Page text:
K: Are there any supplies that cafeteria managers should be sure to stock up on to make sure they’re not left short-handed at the start of the school year?

WM: Our folks, we try to get them what they need. We have an open policy. If it’s August and you need sheet pans, or it’s January and you need some kind of utensil, then they just send in a request and we try to order it for them if the funds are available. So we try to keep the supplies they need there so when they come back in August there’s not a problem for them. They have what they need to get the job done.

K: Is that pretty much universal across school systems in the area?

WM: I can’t speak for all the counties. And Knox County, we have not always operated that way. I used to be a manager. I used to be out in the schools and I know how that is when you don’t have what you need to work with. So since I came into this position, I have made the managers aware, “If you need something to work with, you let us know because we want you to have it.”

K: What piece or pieces of cafeteria equipment in a school kitchen prove to be the most important during the school year?

WM: I would think the ovens and the steamers. They are used every day, and if they go down, you’ve got a problem. Those are two key pieces that have to be operational because you’re going to be using those ovens and those steamers every day.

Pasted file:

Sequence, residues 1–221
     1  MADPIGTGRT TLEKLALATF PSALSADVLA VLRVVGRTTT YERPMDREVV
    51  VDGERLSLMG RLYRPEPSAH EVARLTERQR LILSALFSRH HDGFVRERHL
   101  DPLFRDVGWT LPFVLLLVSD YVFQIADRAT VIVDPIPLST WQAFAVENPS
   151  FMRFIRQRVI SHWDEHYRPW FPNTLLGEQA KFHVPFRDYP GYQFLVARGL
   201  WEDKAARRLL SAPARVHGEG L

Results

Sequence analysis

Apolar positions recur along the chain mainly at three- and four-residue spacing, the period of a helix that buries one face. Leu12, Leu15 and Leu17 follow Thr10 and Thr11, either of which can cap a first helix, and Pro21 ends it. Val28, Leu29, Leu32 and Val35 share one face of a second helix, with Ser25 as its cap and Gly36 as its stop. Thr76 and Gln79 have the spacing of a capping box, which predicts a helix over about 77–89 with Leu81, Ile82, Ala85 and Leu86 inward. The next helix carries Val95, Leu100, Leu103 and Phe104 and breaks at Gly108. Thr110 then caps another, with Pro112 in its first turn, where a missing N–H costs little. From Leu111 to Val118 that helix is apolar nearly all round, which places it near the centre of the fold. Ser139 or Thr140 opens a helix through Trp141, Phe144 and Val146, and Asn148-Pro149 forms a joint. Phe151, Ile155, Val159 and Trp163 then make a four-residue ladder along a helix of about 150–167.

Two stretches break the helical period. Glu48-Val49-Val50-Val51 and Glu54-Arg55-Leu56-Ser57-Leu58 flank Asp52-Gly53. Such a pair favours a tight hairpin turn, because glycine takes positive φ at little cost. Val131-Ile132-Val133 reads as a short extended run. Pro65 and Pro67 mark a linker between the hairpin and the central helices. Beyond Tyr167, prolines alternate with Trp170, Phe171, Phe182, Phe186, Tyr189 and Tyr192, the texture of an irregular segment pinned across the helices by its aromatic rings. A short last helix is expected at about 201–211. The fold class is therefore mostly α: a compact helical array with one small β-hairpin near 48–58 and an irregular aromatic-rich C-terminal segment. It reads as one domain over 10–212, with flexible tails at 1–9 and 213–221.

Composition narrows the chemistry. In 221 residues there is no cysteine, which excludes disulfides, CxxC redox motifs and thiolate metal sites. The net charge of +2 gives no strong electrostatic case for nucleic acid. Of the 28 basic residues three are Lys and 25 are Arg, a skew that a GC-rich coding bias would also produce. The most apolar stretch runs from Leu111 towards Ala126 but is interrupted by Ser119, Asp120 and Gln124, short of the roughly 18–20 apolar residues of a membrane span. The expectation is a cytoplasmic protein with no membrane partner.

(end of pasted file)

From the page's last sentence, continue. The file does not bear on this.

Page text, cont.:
K: We know that there have been some pretty major changes to federal school lunch guidelines in the past few years. Have those changes affected which pieces of equipment are more important?

WM: I think those have always been the two major pieces of equipment. But, I do think that steamers are becoming more important now that we’re steaming vegetables and trying to use more fresh produce. I tell you, I go back 30 years, and I don’t think we’ve ever been able to do without an oven and steamer.

K: What are a few important but often overlooked maintenance tasks that should be performed during the school year to make sure school cafeteria equipment lasts as long as it should?

WM: Well, the managers are told that any time they have a problem or a piece of equipment isn’t operating correctly, that they turn in work orders to our maintenance department as soon as they realize there’s a problem. When we get new equipment, we have a manufacturer’s rep come and train our staff on the proper operation and cleaning and how to take care of that piece of equipment. I think proper use, cleaning, and maintenance – you can’t put a price on that throughout the school year.

Tanner West
Tanner West

A dedicated festival-goer, Tanner West has seen more bands perform live in the middle of hay fields and city parks than most people have probably heard of. Raised on beans and taters, he recently renovated a home and three vintage sheds in the back woods of East Tennessee that serves as a quiet retreat for reading and ready base for hiking and camping trips. Despite being able to craft 500-word descriptions of restaurant equipment, Tanner is a man of few words who described the best meal he ever ate in one word: Coffee.